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Franklin in His Own Time : A Biographical Chronicle of His Life, Drawn from Recollections, Interviews, and Memoirs by Family, Friends, and Associates

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Franklin in His Own Time : A Biographical Chronicle of His Life, Drawn from Recollections, Interviews, and Memoirs by Family, Friends, and Associates by Hayes, Kevin J.; Bour, Isabelle, 9781587299827
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  • ISBN: 9781587299827 | 1587299828
  • Cover: Paperback
  • Copyright: 5/8/2011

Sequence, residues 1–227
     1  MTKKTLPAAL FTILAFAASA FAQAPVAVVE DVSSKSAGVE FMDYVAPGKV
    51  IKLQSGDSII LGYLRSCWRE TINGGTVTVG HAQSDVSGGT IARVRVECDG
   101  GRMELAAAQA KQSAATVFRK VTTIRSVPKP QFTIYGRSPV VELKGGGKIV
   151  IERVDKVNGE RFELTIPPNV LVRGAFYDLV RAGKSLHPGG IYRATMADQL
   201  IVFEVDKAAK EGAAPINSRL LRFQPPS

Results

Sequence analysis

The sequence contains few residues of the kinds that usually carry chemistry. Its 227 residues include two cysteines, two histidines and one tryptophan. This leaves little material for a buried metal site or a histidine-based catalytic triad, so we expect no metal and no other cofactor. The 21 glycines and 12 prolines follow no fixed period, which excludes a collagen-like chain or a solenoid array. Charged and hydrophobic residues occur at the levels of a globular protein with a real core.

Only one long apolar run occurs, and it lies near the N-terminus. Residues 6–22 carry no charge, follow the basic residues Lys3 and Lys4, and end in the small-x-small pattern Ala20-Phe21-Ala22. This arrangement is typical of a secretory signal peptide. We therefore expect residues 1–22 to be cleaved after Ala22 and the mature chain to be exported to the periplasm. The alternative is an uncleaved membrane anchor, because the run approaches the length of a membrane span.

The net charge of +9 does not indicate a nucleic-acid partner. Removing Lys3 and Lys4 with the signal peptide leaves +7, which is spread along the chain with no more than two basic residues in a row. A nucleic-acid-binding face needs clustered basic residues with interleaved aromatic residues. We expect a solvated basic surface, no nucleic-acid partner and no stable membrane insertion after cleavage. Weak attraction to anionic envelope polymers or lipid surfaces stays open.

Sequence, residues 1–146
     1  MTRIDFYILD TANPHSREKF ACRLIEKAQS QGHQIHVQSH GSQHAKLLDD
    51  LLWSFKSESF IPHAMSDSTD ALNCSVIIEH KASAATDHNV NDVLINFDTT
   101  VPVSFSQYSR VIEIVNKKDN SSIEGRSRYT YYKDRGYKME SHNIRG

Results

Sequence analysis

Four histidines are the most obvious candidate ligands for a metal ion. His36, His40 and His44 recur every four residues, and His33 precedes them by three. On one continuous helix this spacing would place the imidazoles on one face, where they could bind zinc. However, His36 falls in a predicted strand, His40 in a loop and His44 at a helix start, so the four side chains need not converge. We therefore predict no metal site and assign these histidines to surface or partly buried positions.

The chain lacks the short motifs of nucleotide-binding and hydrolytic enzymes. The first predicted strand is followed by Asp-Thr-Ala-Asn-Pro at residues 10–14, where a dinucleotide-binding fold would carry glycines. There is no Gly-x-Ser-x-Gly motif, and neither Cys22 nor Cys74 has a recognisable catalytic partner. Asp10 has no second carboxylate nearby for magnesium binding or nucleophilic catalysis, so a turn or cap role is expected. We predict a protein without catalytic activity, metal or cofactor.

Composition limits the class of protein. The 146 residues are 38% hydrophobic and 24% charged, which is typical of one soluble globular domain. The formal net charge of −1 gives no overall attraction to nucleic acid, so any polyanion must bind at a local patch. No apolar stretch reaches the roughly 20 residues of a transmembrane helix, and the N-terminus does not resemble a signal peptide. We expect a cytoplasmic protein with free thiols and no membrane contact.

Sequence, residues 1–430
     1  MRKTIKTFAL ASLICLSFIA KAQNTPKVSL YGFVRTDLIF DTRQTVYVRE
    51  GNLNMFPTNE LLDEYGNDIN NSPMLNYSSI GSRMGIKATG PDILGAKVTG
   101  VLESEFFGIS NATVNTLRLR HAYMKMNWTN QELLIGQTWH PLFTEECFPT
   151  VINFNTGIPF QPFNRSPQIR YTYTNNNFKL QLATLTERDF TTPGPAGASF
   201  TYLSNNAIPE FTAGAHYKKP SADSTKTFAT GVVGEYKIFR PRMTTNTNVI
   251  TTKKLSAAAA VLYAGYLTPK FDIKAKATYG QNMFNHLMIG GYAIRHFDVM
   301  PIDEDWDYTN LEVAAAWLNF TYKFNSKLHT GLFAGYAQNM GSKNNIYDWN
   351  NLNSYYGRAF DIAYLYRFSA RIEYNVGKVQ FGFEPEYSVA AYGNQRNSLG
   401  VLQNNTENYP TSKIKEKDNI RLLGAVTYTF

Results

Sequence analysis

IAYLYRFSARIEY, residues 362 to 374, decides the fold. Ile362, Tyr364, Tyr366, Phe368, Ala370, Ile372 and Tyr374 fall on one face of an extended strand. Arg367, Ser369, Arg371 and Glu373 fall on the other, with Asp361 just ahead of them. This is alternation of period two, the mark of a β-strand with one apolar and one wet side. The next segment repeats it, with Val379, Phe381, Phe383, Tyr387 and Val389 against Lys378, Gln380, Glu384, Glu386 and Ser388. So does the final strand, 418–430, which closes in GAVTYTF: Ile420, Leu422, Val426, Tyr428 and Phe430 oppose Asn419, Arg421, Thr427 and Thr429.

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@font-face { font-family: "Courier New"; }@font-face { font-family: "Times"; }@font-face { font-family: "Cambria"; }@font-face { font-family: "Palatino"; }p.MsoNormal, li.MsoNormal, div.MsoNormal { margin: 0in 0in 0.0001pt; font-size: 12pt; font-family: "Times New Roman"; }div.Section1 { page: Section1; } In his time Benjamin Franklin (17061790) was the most famous American in the world. Even those personally unacquainted with the man knew him as the author ofPoor Richardrs"s Almanack, as a pioneer in the study of electricity and a major figure in the American Enlightenment, as the creator of such life-changing innovations as the lightning rod and Americars"s first circulating library, and as a leader of the American Revolution. His friends also knew him as a brilliant conversationalist, a great wit, an intellectual filled with curiosity, and most of all a master anecdotist whose vast store of knowledge complemented his conversational skills. InFranklin in His Own Time, by reprinting the original documents in which those anecdotes occur, Kevin Hayes and Isabelle Bour restore those oft-told stories to their cultural contexts to create a comprehensive narrative of his life and work. The thirty-five recollections gathered inFranklin in His Own Timeform an animated, collaborative biography designed to provide a multitude of perspectives on the "First American." Opening with an account by botanist Peter Kalm showing that Franklin was doing all he could to encourage the development of science in North America, it includes on-the-spot impressions from Daniel Fisherrs"s diary, the earliest surviving interview with Franklin, recollections from James Madison and Abigail Adams, Manasseh Cutlerrs"s detailed description of the library at Franklin Court, and extracts from Alexander Hamiltonrs"s unvarnishedMinutes of the Tuesday Club. Franklinrs"s political missions to Great Britain and France, where he took full advantage of rich social and intellectual opportunities, are a source of many reminiscences, some published here in new translations. Genuine memories from such old friends as Thomas Jefferson and John Adams, as opposed to memories influenced by theAutobiography, clarify Franklinrs"s reputation. Robert Carr may have been the last remaining person who knew Franklin personally, and thus his recollections are particularly significant. Each entry is introduced by a headnote that places the selection in its historical and cultural contexts; explanatory notes provide information about people and places; and the editorsrs" comprehensive introduction and chronology detail Franklinrs"s eventful life. Dozens of lively primary sources published incrementally over more than a hundred years illustrate the complexity of the man, his mind, and his mannerisms in a way that no single biographer could.

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